• Email.it: The Italian email provider failed to protect the data of 600,000 users, leading to its sale on the Dark Web.

  • Nintendo: Nintendo said 160,000 users were impacted by a mass account hijacking account caused by the NNID legacy login system.

  • US Small Business Administration (SBA): The SBA revealed as many as 8,000 business emergency loan applicants were involved in a data breach.

MARCH 2020 

  • T-Mobile: A hacker gained access to employee email accounts, compromising data belonging to customers and employees. 

  • Marriott: The hotel chain suffered a cyberattack in which email accounts were infiltrated. 5.2 million hotel guests were impacted. 

  • Whisper: The anonymous secret-sharing app exposed millions of users' private profiles and datasets online.

  • UK Home Office: GDPR was breached 100 times in the handling of the Home Office's EU Settlement Scheme.

  • SIM-swap hacking rings: Europol made arrests across Europe, taking out SIM-swap hackers responsible for the theft of over €3 million.

  • Virgin Media: The company exposed the data of 900,000 users through an open marketing database.

  • Whisper: Millions of users' private profiles and datasets were left, exposed and online, for the world to see.

  • MCA Wizard: 425GB in sensitive documents belonging to financial companies was publicly accessible through a database linked to the MCA Wizard app.

  • NutriBullet: NutriBullet became a victim of a Magecart attack, with payment card skimming code infecting the firm's e-commerce store.

  • Marriott: Marriott disclosed a new data breach impacting 5.2 million hotel guests.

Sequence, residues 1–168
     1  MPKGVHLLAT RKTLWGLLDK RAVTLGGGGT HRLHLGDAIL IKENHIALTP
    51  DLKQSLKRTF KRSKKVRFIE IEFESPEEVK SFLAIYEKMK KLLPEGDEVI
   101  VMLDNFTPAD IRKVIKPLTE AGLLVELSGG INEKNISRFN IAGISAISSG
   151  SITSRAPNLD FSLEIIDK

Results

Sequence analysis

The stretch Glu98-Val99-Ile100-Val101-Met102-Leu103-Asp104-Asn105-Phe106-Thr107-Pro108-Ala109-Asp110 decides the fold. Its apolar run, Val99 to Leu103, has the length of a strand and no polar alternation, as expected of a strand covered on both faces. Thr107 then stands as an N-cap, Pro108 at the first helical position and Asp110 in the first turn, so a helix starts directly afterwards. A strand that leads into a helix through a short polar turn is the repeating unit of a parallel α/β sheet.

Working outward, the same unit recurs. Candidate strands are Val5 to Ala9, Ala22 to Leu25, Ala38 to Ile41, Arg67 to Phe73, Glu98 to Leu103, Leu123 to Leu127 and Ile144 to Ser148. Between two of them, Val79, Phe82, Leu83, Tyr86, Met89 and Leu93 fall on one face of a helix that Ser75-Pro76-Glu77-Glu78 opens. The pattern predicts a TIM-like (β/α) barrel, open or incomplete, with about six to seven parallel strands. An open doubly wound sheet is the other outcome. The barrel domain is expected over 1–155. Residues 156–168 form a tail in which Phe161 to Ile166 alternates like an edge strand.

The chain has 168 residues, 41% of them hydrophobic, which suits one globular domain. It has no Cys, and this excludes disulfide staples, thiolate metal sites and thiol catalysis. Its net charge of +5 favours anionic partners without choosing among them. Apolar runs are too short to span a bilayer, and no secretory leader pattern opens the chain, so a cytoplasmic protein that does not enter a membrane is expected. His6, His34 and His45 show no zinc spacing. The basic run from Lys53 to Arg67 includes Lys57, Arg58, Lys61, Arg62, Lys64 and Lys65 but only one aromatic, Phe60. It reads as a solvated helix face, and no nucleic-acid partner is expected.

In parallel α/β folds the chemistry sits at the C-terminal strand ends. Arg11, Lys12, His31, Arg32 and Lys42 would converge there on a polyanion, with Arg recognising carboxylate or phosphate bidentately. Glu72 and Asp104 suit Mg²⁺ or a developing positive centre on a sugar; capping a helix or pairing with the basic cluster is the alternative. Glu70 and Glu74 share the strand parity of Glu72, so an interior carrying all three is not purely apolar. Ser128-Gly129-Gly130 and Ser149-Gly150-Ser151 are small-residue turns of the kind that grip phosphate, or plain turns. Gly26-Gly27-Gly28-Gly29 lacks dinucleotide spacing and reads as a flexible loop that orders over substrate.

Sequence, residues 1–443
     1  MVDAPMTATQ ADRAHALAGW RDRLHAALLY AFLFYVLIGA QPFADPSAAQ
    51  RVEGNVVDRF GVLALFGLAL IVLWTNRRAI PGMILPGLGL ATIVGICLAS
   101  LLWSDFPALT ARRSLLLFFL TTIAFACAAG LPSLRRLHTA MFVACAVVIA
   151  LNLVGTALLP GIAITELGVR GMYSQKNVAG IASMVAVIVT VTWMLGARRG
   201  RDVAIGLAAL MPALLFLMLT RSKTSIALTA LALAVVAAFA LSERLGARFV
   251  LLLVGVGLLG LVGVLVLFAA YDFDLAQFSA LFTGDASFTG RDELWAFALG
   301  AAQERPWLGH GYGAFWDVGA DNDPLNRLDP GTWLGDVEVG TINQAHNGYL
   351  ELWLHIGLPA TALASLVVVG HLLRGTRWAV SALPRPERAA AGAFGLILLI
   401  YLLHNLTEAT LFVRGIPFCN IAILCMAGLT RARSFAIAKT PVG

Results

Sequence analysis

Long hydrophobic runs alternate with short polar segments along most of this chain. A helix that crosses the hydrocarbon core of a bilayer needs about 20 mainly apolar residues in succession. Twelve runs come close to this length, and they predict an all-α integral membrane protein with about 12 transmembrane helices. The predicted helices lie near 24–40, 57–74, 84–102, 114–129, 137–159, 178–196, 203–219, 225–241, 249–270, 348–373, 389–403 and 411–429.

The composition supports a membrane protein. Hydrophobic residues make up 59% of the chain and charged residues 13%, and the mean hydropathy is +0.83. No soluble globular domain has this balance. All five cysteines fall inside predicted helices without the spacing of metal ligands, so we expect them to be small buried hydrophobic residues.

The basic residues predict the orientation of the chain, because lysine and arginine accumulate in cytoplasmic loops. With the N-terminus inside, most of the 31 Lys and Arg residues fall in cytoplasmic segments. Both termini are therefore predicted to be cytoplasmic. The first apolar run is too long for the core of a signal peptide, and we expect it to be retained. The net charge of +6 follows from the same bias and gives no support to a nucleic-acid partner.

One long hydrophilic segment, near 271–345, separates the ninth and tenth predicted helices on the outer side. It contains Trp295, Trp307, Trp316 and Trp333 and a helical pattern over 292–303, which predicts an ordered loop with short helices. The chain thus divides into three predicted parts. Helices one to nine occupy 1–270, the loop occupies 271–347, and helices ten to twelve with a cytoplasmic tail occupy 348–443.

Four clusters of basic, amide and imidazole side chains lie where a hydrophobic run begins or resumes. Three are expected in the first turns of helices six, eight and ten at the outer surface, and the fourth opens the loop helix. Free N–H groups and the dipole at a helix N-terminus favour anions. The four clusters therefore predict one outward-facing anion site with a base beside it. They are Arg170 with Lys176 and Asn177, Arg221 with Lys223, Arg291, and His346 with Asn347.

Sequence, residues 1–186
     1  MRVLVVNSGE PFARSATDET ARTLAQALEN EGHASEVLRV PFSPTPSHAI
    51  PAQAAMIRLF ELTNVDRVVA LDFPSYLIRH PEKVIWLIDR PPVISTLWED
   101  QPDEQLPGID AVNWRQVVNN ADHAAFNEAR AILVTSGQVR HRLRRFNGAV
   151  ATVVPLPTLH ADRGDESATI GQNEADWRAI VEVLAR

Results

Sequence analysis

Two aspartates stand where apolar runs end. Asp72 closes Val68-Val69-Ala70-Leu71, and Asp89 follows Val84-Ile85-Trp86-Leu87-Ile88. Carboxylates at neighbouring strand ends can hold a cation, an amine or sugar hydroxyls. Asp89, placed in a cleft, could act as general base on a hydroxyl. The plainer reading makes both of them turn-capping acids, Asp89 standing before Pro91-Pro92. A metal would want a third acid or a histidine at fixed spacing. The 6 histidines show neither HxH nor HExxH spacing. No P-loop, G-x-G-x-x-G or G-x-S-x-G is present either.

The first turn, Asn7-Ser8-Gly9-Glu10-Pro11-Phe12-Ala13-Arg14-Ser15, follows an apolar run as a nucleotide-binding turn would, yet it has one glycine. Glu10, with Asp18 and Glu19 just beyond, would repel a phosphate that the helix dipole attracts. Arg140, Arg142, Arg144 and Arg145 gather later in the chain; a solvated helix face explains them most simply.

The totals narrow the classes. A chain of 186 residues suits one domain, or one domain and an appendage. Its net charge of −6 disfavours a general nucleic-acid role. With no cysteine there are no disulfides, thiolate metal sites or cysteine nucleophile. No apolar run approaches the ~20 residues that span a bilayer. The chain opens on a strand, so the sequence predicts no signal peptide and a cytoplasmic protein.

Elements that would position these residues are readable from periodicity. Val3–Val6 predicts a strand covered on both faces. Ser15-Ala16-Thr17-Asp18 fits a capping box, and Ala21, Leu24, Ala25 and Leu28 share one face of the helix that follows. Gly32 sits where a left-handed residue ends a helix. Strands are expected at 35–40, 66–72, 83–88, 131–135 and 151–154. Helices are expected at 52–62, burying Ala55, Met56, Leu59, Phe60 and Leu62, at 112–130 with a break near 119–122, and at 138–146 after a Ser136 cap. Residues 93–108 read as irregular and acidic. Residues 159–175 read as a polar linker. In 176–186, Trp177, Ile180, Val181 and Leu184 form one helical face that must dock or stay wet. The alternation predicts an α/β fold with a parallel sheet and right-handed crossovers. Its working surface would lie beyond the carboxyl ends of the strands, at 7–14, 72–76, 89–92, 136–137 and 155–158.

• Estée Lauder: 440 million internal records were reportedly exposed due to middleware security failures. 

  • Denmark's government tax portal: The taxpayer-identification numbers of 1.26 million Danish citizens were accidentally exposed.

  • DOD DISA: The Defense Information Systems Agency (DISA), which handles IT for the White House, admitted to a data breach potentially compromising employee records.

  • UK Financial Conduct Authority (FCA): The FCA released sensitive information belonging to roughly 1,600 consumers by accident as part of an FOIA request.

  • Clearview: Clearview AI's entire client list was stolen due to a software vulnerability.

  • General Electric: GE warned workers that an unauthorized individual was able to access information belonging to them due to security failures with supplier Canon Business Process Service.


  ● Travelex: Travelex services were pulled offline following a malware infection. The company itself and businesses using

     the platform to provide currency exchange services were all affected.

  • IRS tax refunds: A US resident was jailed for using information leaked through data breaches to file fraudulent tax returns worth $12 million. 

  • Manor Independent School District: The Texas school district lost $2.3 million during a phishing scam.

  • Wawa: 30 million records containing customers' details were made available for sale online. 

  • Microsoft: The Redmond giant disclosed that five servers used to store anonymized user analytics were exposed and open on the Internet without adequate protection.

  • Medical marijuana: A database backing point-of-sale systems used in medical and recreational marijuana dispensaries was compromised, impacting an estimated 30,000 US users.